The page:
According to an additional preferred embodiment of the present invention, illustrated in FIG. 4, the fine mesh screen 102, coarse screen 84, and support tube 82 are arranged as in the embodiment of FIG. 3. However, a discontinuously slotted sheet disc 98 is secured to the vent sleeve 90 immediately below the aperture 92 by tack welding, diffusion bonding, or any suitable means, thereby providing a relatively low bubble pressure member for release of entrapped gas while also permitting impurities which inadvertently reach the vent sleeve aperture 92 to be trapped by the slotted sheet disc 98. Therefore, the slot dimensions of the disc 98 are chosen so that the disc 98 has an absolute particle retention ability equal to that of the fine mesh screen 102. Also, the vent sleeve 90 is attached to the fine mesh screen 102 by welding or other suitable means at point C. The slots of the disc 98 are dimensioned as discussed with reference to the slotted sheet 86, and the preferred material construction and other limitations of the slotted sheet 86 are applicable to the disc 98.
Particularly with respect to the preferred embodiments of FIGS. 2 and 3, it is preferred that the slotted sheet 86 and the slotted sheet band 96 be secured to the coarse wire screen 84 by a process of diffusion bonding to numerous points on the sheet 86 and band 96. However, because the band 96 is positioned beneath the vent sleeve 90, other suitable bonding and sealing processes may also be used for that embodiment. For use with a slotted sheet 86 or band 96 of nickel and a coarse screen 84 of stainless steel, the preferred diffusion bonding method, sometimes referred to as sintering, includes pressing the sheet 86 or band 96 against the coarse screen 84 in a hydrogen atmosphere or a vacuum, and bringing the temperature of the material to about 2000° F. for a period of time, thereby causing a diffusion or particles between the sheet 86 or band 96 and the coarse screen 84 effecting bonding.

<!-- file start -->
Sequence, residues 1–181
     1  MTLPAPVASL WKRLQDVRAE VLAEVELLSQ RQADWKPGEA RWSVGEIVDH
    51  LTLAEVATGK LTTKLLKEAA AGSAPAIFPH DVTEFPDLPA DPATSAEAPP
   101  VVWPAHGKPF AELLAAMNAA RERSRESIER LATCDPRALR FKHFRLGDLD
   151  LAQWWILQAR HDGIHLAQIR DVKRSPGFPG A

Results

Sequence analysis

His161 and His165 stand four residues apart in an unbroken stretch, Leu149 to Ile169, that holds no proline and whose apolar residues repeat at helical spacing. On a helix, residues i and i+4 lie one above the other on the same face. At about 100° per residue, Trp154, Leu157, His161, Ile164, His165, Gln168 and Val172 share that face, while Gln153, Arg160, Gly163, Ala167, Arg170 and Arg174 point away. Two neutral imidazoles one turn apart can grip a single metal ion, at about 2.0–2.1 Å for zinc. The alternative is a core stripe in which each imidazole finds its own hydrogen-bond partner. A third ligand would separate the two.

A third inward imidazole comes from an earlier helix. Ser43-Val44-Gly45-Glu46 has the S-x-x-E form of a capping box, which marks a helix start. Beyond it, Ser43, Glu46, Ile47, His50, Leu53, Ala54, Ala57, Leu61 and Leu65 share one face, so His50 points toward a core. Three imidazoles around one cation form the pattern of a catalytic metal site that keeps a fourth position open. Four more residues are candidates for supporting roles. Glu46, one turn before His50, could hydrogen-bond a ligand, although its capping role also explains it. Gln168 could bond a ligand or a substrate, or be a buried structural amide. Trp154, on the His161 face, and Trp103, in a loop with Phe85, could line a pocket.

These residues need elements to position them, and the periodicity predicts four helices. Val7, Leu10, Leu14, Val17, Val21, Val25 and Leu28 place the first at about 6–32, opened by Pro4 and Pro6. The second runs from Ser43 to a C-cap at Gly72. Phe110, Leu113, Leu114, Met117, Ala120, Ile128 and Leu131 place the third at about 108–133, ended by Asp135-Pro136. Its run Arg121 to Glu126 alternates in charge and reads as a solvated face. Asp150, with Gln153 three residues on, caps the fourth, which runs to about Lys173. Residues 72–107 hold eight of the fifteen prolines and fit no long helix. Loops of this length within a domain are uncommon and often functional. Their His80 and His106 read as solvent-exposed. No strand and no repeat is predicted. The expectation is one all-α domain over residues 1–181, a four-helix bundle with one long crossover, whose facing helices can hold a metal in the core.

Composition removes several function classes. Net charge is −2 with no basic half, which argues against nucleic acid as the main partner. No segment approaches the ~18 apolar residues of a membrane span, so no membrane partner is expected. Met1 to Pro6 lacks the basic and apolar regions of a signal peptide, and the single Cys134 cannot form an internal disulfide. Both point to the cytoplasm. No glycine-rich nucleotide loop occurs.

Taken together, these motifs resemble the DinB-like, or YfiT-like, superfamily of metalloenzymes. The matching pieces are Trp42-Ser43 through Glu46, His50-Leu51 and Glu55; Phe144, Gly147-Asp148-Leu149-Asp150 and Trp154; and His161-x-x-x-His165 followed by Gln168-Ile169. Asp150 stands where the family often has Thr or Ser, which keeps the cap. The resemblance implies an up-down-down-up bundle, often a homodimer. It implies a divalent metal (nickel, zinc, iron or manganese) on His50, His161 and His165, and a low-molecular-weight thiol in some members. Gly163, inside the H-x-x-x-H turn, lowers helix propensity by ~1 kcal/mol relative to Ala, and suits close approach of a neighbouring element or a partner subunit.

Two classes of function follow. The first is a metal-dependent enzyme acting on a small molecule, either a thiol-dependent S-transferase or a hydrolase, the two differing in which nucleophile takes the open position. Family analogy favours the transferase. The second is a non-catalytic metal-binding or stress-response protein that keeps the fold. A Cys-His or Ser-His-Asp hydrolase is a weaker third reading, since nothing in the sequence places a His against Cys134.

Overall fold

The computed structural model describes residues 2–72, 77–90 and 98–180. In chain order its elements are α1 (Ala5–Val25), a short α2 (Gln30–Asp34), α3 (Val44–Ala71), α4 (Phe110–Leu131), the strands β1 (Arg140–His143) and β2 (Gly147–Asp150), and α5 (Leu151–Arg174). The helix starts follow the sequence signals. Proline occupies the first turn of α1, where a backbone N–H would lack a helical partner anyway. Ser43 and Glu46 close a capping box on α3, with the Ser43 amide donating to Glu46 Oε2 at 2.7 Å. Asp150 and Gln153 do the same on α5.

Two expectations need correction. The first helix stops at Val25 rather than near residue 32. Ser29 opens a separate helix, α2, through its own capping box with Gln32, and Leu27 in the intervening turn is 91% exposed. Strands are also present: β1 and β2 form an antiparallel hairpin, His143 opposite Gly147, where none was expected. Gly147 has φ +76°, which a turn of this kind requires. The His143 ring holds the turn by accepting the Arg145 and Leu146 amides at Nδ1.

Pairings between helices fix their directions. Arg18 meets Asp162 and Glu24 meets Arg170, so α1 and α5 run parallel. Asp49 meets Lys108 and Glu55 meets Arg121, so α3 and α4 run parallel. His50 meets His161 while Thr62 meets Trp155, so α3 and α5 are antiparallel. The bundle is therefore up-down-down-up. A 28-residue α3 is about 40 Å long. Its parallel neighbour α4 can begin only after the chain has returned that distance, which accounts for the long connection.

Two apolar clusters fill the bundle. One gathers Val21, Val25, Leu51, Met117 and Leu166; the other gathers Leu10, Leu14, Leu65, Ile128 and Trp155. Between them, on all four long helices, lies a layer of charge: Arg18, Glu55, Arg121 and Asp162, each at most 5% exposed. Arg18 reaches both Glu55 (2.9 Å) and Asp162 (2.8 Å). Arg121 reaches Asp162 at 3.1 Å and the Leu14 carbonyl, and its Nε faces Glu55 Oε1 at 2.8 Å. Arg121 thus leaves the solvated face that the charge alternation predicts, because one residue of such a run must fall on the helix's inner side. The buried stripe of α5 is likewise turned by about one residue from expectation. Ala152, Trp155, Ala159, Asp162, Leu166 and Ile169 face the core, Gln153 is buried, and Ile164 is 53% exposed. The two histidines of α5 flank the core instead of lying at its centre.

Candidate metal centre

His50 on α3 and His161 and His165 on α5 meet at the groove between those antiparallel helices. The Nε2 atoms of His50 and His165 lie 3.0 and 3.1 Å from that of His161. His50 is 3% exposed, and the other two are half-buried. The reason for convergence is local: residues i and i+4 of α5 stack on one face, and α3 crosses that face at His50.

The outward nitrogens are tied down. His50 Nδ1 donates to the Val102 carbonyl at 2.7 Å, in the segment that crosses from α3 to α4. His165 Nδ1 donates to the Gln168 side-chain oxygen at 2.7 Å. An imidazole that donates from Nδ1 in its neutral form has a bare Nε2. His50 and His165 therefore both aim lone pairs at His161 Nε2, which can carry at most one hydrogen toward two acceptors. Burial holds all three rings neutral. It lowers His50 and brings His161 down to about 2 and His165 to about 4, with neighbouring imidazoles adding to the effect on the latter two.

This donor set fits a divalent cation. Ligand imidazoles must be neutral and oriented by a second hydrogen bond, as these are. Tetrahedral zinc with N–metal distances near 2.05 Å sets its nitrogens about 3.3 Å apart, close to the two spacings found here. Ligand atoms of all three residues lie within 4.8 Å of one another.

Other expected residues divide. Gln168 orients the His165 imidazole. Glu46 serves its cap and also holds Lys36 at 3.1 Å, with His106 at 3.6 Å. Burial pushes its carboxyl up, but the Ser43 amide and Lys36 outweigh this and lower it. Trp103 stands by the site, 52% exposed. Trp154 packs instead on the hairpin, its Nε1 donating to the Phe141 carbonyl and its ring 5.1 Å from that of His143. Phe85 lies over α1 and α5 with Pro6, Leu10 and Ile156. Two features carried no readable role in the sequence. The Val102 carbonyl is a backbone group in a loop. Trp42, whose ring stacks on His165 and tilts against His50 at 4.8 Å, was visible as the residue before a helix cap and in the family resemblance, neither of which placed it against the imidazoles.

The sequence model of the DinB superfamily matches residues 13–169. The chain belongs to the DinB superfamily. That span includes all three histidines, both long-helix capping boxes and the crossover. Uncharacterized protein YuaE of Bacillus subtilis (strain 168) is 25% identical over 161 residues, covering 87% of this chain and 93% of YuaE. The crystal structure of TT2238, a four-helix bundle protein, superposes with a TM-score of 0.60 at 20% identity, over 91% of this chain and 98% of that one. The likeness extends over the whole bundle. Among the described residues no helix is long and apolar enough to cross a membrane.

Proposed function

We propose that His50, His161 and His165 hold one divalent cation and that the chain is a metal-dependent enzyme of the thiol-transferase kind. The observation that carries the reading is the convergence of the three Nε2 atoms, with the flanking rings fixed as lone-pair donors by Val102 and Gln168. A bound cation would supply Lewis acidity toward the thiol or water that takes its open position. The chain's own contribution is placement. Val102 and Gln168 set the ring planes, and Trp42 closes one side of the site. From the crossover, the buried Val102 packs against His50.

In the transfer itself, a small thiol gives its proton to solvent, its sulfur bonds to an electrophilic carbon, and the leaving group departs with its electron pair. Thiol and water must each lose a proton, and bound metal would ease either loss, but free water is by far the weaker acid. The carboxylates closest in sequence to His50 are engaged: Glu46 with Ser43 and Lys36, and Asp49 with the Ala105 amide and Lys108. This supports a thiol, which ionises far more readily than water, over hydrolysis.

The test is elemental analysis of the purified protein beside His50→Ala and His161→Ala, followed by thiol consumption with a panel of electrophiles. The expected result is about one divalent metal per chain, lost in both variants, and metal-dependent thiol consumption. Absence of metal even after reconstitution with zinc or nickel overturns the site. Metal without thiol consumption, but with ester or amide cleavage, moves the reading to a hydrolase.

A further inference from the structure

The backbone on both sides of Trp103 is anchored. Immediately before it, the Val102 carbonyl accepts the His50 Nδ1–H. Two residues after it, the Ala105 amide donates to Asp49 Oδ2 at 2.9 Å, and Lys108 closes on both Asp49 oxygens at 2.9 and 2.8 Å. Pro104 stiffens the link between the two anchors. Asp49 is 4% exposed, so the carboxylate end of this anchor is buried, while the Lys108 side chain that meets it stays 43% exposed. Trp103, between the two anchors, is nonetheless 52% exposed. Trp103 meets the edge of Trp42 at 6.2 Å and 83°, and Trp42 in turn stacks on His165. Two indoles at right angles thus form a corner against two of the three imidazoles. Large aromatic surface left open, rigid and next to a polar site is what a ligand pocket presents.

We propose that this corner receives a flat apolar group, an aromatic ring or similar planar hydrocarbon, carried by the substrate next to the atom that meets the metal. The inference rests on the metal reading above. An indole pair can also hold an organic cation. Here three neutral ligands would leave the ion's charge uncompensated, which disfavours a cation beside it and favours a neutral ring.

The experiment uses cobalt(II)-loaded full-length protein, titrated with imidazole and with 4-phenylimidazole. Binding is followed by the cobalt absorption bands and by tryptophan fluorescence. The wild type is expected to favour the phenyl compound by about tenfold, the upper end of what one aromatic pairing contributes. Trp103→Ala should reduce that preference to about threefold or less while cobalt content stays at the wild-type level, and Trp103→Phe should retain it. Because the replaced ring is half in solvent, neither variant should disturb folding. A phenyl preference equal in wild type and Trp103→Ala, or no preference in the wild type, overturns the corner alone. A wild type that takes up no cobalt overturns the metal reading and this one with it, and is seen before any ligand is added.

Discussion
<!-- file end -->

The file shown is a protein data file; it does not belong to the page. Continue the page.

In the operation of the apparatus shown in FIG. 1, a liquid slurry of the precoat medium, in this instance finely divided ion exchange resin particles in the size range of about 60 to 400 mesh or smaller, is stored in a precoat tank 32. A slurry line 34, controlled by a slurry valve 36, connects the precoat tank with a slurry pump 38. A transfer line 40 connects the pump 38 with the inlet line 12 of the filter tank 10. A transfer valve 42 adjacent the pump 38 and in the transfer line 40 controls the passage of slurry from the pump 38.